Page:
Synechron CEO Faisal Husain outlines the state of play for fintech in Asia

25 July 2018 Authored by Consultancy.asia

In an ongoing series of articles on the future of fintech, the energetic CEO of technology and business consultancy Synechron, Faisal Husain, has outlined his views on the disruptive technology’s current state of play in Asia.

Faisal Husain was just 26 when in 2001 he and two co-founders launched Synechron, a technology and business consulting firm focused on the financial services sector which has since grown into one the world’s largest and most renowned in its domain – booking revenues of half a billion last year with a staff of over 8000 across 18 worldwide locations, including Singapore, Hong Kong, Japan and the Philippines.

Much of this success rests on the firm’s relentless pursuit of technological innovation, and Husain has during Synechron’s rise become one of the most prominent and respected voices on fintech and blockchain – a subject which is gaining ever more attention in the traditional consulting sphere, and particularly so in Asia; earlier this year, PwC in Singapore and Hong Kong for example picked up a stake in blockchain specialist VeChain.

Previously, Husain spoke to Consultancy.uk on the subject of fintech and blockchain in a wide-ranging interview: “When we look at the FinTech start-up community, while its market share is still small compared to the financial services industry as a whole, the investment and innovation emerging from this space has provided a wake-up call to banks, who have started their own innovation groups and FinTech arms to advance innovation.”

Similarly, he added; “While Blockchain is still a new technology, the start-up community and leading banks have proven its potential to transform businesses and are working on advanced use cases in areas like KYC, Trade Finance, and more. The Blockchain revolution will not happen overnight, but the pace of change is moving rapidly, and those that are aiming to be first followers may find that the time, resources, and effort needed to catch up may be greater than they’ve anticipated.”Synechron CEO Faisal Husain outlines the state of play for fintech in AsiaMore recently in a blog-piece for Forbes India, Husain, who is a regular publisher of articles on fintech and blockchain, looked more specifically into the Asian fintech landscape – a region which last year Husain contended had already ‘leapfrogged’ the West in terms of the adoption of financial technologies, particularly as to Asia’s emerging markets, ‘where fintech is playing a major role in financial inclusions in payments and transfers and microlending.”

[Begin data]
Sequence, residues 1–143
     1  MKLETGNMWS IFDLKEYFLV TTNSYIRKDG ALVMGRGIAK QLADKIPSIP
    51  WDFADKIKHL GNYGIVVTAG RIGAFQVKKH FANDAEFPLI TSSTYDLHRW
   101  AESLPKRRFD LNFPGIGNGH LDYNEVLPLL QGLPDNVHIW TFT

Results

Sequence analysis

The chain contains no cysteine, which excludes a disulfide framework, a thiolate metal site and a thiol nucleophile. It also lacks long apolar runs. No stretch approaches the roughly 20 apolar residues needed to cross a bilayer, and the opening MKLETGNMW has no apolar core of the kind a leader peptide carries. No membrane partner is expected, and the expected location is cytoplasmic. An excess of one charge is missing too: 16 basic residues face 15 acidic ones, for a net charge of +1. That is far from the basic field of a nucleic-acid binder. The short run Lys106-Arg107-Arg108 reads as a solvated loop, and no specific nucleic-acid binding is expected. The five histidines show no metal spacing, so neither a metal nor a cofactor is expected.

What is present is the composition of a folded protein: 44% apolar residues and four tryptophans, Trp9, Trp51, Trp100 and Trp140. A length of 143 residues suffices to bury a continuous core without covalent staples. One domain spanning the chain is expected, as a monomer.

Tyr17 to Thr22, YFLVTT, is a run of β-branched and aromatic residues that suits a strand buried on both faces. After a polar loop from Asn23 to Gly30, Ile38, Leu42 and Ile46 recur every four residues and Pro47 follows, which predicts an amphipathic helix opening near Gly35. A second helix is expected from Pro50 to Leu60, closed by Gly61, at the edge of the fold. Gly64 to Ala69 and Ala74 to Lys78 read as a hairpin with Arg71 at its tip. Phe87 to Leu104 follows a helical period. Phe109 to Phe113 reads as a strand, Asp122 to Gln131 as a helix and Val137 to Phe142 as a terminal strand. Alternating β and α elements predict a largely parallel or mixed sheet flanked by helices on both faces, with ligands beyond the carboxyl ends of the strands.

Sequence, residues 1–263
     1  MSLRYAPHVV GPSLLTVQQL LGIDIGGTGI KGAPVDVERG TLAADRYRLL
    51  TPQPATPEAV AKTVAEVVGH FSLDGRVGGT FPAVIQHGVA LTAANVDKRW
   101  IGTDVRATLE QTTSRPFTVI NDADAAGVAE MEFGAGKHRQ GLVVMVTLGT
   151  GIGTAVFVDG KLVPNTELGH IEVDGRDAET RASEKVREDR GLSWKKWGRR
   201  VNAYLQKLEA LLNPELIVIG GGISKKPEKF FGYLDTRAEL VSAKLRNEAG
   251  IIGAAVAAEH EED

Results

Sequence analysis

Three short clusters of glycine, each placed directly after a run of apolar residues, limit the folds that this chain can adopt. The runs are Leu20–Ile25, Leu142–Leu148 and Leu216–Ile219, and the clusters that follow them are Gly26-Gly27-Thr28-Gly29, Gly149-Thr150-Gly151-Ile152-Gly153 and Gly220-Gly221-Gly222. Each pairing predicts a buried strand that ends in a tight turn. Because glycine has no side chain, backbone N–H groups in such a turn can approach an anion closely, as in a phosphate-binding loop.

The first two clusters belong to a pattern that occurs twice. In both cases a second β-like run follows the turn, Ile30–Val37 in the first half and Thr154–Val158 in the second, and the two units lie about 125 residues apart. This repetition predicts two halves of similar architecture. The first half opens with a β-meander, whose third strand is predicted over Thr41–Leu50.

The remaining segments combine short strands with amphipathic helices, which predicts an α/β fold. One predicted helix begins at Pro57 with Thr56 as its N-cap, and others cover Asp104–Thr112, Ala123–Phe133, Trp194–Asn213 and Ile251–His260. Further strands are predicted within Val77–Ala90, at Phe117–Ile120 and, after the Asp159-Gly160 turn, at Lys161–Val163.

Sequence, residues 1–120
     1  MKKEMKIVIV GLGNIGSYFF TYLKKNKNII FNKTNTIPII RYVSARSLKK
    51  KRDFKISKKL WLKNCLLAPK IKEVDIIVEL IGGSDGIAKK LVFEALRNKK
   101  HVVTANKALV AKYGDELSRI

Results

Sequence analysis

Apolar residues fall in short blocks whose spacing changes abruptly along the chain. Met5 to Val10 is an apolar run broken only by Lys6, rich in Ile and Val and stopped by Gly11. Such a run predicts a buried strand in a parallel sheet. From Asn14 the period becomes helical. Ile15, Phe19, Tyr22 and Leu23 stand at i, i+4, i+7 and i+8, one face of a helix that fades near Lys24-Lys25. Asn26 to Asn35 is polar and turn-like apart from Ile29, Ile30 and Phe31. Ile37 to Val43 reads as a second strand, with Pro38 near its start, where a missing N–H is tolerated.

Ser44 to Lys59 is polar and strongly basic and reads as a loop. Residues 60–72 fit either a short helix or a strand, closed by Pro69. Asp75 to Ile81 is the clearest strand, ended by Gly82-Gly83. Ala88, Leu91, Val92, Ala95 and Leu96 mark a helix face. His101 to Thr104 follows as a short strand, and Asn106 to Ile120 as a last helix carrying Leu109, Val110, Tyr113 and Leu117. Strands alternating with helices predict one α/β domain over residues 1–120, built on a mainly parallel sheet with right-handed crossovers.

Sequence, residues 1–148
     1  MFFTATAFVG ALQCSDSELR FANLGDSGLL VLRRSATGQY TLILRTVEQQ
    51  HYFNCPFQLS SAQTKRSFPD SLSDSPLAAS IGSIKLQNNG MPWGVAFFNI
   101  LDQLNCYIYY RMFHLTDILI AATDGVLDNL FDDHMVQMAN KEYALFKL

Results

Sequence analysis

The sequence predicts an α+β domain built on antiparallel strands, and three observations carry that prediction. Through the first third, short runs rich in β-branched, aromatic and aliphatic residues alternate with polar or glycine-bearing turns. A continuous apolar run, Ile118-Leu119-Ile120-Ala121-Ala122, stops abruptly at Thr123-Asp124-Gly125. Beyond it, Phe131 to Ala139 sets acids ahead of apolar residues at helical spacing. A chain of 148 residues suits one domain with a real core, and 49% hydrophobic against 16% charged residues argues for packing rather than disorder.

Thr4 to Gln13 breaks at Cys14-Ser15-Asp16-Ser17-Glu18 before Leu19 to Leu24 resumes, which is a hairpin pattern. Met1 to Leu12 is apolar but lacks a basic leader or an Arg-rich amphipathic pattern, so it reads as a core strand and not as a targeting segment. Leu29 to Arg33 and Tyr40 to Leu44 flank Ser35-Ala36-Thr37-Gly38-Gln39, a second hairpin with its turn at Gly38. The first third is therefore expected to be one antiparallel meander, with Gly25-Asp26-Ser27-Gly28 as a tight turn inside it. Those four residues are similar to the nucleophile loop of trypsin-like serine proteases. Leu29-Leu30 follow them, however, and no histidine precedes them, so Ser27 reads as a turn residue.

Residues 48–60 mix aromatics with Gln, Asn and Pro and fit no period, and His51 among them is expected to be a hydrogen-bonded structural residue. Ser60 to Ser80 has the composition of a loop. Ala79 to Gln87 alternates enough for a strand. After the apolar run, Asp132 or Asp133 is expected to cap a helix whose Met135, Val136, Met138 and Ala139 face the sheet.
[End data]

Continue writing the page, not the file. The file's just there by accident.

In the opinion piece, Husain notes that Asia has a number of favourable advantages, specifically; two of the largest and fastest growing economies, a young tech-savvy population, and a willingness to explore new domains to address a large underbanked community – such as through the financial technologies incorporating blockchain, artificial intelligence, machine learning, virtual reality, and cloud-based software – together, enabling firms to ‘to redefine their value propositions and allowing them to expand their reach without having to incur significant costs.”